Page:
British newspaper The Guardian recently published an article written by Oliver Balch describing Punta del Este as an “uber-rich ‘gated city’ ”. Sensationalizing the extravagant tastes of elites during the ePrix and contrasting it with the struggles of laborers in nearby asentamientos (slums) he asks if Punta is “a glimpse of our urban future”. The author likened Punta to a Monaco in Mali, giving the image of a deeply unequal Uruguay.
When I read articles like this one, The Guardian seems more and more like a tabloid disguised behind fancy fonts and niche interests that don’t represent the wider population. In doing so, when looking at far-flung places like Uruguay, it often fails to acknowledge underlying economic, social, and political realities.
Punta del Este is not an “uber-rich ‘gated city’ “. It is not Monaco, and Uruguay is not Mali. Yes, incomes and cost of living in Punta are the highest in country. But it is a public city just like any other, whose beaches, boulevards, and scenery can be enjoyed by all.
Compared to Las Vegas, Miami, or even the Monaco that the author mentions, Punta is quite simple, unadorned, and even (gasp) egalitarian. Likewise the Uruguay that serves as a backdrop to what the author calls “dystopian paradise” is nothing like chaotic and third world Mali.
Rather than focusing on the divisions of haves and have-nots, let’s look instead at just how many haves there are in the first place. A quick glance at Punta del Este and Maldonado on GoogleMaps shows that hardly 5% of the area (and the population) consists of slums. In eternally small-scale Uruguay, the few who live in Punta’s slums can get to work much more quickly and cheaply than workers forced to live in London’s Zone 6.
The majority of the area consists of high-rises and single family homes in leafy neighborhoods that would make Ebenezer Howard—founder of the Garden City movement—smile. Furthermore, these single family homes are rarely in gated communities, and many don’t even have gates themselves.
Where an outside observer on a week-long trip sees greed, Uruguayans and their government accustomed to a century of tourism see economic necessity.
There’s an Uruguayan phrase I love called “laburar la temporada”. In January and February, kids from across the country come to Punta to work as waiters, DJs, and hotel receptionists. The luckiest can make a year’s salary in these two months, simply because of the inflated prices, and the cushy tips from wealthy Argentines and Brazilians.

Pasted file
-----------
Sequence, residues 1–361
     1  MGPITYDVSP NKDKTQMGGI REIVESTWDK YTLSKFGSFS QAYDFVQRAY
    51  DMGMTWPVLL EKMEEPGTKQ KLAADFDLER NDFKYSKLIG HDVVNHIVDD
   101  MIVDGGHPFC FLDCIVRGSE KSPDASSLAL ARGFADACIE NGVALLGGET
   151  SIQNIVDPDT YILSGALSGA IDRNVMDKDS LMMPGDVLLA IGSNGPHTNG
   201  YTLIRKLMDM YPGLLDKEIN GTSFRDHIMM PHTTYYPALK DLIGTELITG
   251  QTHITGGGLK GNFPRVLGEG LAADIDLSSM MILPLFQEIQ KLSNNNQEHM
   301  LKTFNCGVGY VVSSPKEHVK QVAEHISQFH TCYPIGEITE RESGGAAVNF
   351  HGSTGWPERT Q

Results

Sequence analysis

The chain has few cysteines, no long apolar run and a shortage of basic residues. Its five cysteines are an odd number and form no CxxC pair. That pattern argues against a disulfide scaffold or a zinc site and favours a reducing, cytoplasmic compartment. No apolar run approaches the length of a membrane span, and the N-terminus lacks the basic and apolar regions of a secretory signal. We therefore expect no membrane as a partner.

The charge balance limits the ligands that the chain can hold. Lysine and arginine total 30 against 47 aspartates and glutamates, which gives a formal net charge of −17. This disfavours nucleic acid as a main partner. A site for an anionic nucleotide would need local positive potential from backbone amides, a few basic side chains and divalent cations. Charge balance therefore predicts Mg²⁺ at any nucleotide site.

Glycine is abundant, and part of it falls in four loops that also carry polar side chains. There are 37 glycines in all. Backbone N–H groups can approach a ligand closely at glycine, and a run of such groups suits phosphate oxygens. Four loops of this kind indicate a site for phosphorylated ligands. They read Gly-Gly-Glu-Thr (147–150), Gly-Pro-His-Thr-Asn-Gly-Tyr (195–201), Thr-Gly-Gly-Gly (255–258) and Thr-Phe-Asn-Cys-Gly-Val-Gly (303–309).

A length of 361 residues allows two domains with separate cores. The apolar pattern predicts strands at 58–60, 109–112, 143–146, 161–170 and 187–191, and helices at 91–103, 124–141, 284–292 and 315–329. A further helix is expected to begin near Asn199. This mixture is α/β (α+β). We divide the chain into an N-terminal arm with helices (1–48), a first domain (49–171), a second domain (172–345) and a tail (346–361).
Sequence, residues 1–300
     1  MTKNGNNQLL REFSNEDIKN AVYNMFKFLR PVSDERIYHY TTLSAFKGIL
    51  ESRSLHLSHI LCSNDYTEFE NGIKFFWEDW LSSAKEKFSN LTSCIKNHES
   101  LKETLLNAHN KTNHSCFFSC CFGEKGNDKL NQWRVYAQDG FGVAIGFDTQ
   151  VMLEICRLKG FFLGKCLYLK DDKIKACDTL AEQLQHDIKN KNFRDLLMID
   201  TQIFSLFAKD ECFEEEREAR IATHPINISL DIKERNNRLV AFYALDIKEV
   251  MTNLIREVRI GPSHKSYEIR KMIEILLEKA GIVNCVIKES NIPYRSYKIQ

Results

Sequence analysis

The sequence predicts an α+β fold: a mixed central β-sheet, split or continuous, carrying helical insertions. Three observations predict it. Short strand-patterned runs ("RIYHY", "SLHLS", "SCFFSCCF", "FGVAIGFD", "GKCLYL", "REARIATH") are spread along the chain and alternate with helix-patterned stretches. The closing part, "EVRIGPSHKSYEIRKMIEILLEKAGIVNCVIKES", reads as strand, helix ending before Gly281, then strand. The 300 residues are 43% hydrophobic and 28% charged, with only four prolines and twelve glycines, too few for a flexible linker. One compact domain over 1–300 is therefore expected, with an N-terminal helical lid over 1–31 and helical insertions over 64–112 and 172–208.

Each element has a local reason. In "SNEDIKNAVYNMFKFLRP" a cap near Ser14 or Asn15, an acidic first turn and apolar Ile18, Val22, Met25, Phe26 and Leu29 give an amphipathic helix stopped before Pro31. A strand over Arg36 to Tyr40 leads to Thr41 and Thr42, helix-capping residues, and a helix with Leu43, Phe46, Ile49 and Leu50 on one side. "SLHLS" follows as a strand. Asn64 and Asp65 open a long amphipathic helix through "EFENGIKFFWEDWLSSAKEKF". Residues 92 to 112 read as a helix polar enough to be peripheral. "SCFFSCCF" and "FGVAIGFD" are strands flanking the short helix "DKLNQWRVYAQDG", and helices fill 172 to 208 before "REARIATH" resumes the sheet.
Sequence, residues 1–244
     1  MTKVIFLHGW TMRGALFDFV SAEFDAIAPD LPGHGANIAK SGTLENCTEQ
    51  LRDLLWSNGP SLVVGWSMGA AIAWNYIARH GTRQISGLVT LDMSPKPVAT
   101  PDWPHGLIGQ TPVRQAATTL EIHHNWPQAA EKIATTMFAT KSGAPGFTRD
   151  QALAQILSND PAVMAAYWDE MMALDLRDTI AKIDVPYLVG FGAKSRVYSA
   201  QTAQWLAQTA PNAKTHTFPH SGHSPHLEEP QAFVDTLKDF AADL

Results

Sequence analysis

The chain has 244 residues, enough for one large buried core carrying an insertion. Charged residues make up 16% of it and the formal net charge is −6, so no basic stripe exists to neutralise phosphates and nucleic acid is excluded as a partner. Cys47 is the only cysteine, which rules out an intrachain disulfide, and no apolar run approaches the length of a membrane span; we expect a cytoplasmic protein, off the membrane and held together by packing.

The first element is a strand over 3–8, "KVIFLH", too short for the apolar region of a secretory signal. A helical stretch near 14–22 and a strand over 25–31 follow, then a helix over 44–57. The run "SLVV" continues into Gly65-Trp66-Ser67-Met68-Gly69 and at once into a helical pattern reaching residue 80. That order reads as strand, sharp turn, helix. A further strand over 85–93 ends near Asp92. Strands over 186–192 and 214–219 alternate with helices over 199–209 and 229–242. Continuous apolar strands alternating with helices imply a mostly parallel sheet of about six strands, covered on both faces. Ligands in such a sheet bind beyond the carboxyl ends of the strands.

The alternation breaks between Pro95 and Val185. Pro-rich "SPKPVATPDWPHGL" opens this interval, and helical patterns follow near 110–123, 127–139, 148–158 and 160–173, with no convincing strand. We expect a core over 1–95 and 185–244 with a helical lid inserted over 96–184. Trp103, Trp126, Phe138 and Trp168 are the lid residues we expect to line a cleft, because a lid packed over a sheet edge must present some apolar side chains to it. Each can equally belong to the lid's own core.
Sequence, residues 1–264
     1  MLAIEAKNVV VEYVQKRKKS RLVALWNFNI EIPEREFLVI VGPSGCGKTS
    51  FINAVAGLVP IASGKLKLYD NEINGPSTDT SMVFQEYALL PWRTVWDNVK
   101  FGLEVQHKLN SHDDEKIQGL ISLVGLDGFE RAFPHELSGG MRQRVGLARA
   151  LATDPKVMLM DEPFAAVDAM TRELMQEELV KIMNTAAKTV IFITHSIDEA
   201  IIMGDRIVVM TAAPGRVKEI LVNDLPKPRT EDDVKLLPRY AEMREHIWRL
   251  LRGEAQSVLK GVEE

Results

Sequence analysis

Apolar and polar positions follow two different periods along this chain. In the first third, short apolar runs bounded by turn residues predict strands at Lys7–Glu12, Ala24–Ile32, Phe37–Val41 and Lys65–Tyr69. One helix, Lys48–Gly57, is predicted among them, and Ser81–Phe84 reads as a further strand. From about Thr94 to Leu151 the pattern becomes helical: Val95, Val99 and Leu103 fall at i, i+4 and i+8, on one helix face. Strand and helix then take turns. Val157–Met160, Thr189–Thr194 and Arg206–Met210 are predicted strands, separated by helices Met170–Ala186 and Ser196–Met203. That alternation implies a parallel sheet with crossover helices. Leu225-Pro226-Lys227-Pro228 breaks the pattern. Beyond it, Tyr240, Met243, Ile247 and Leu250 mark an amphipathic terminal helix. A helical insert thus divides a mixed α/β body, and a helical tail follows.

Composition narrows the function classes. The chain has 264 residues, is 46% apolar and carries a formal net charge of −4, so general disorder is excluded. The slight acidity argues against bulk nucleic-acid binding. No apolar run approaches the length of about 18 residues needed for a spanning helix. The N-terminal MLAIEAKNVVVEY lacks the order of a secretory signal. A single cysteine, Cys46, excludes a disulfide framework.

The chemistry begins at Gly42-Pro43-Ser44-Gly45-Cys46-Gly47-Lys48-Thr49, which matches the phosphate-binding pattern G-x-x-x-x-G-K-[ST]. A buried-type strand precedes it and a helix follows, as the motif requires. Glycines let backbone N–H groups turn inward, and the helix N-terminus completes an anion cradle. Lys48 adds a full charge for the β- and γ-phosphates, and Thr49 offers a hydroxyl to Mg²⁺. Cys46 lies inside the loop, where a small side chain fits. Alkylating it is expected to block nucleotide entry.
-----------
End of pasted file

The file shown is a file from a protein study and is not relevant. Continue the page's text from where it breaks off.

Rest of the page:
Pieces like Balch’s this fail to recognize that people have the right to live the good life, and that governments and individuals have the right to reap windfall opportunities. The seasonal boost driven mostly by Argentines (who own 60% of property in Punta) effectively subsidizes a generation of Uruguayan youth to spend the rest of the year studying, traveling, or just chilling out.
Many of these kids live in adjacent Maldonado, where it’s much cheaper than Punta, but where you still have solid housing stock, and proximity to the same amenities. Maldonado is also a cultural anomaly in Uruguay, where jazz and funk—rather than cumbia, folklore, or rock—define the music scene.
Promotion of beach tourism is integral to Uruguay’s economic development. In a country dominated by real cows, Punta is the cash cow, representing a not insignificant percentage of GDP.
The notion that regular Uruguayans are being left out of Punta is a bit farfetched. Most people I know in Uruguay don’t even aspire to this “uber-rich” lifestyle detailed by The Guardian. I notice a sense that Punta is best left to the pompous Argies with their fast cars and fake tans, so long as it helps the Uruguayan economy, providing jobs and stability. That Piriápolis, La Paloma and Atlántida are more popular with Uruguayans isn’t so much because they are second class, but rather because they’re what Uruguayans prefer when it comes to vacation.
The author, rather than moaning about the absence of public housing in Punta could instead point to the fact that a) in a wealthy locale, the market takes care of most housing needs, and more importantly, that b) in places where housing is needed most, Uruguay is a world leader in cooperative housing schemes, thanks to innovative programs like FUCVAM and MEVIR.
Another thing the author fails to consider is that perhaps the droves of Brazilians and Argentines are coming to tranquil egalitarian Uruguay precisely so that they can get away from beaches like Copacabana and even Florianopolis that are much closer to large slums and crime.
Guardianistas can gate themselves in their ideological bubble, see one tree down in the forest and assume there’s been a clearcut. But if they look deeper and wider at a country like Uruguay, they’ll see a country with a more positive glimpse of our urban future than Monaco, Mali, or even London.
The author made one final grave mischaracterization of the little country. Salto is not “a rural backwater”. It has been industrialized for over a century and today has a diverse economy that mixes cattle, citrus, wine, and a new regional branch of the national university. It is a pleasant tourist destination in its own right, with a peaceful riverfront, and nearby hotsprings. It too has a few asentamientos, but even they are overshadowed by human-scale public housing cooperatives.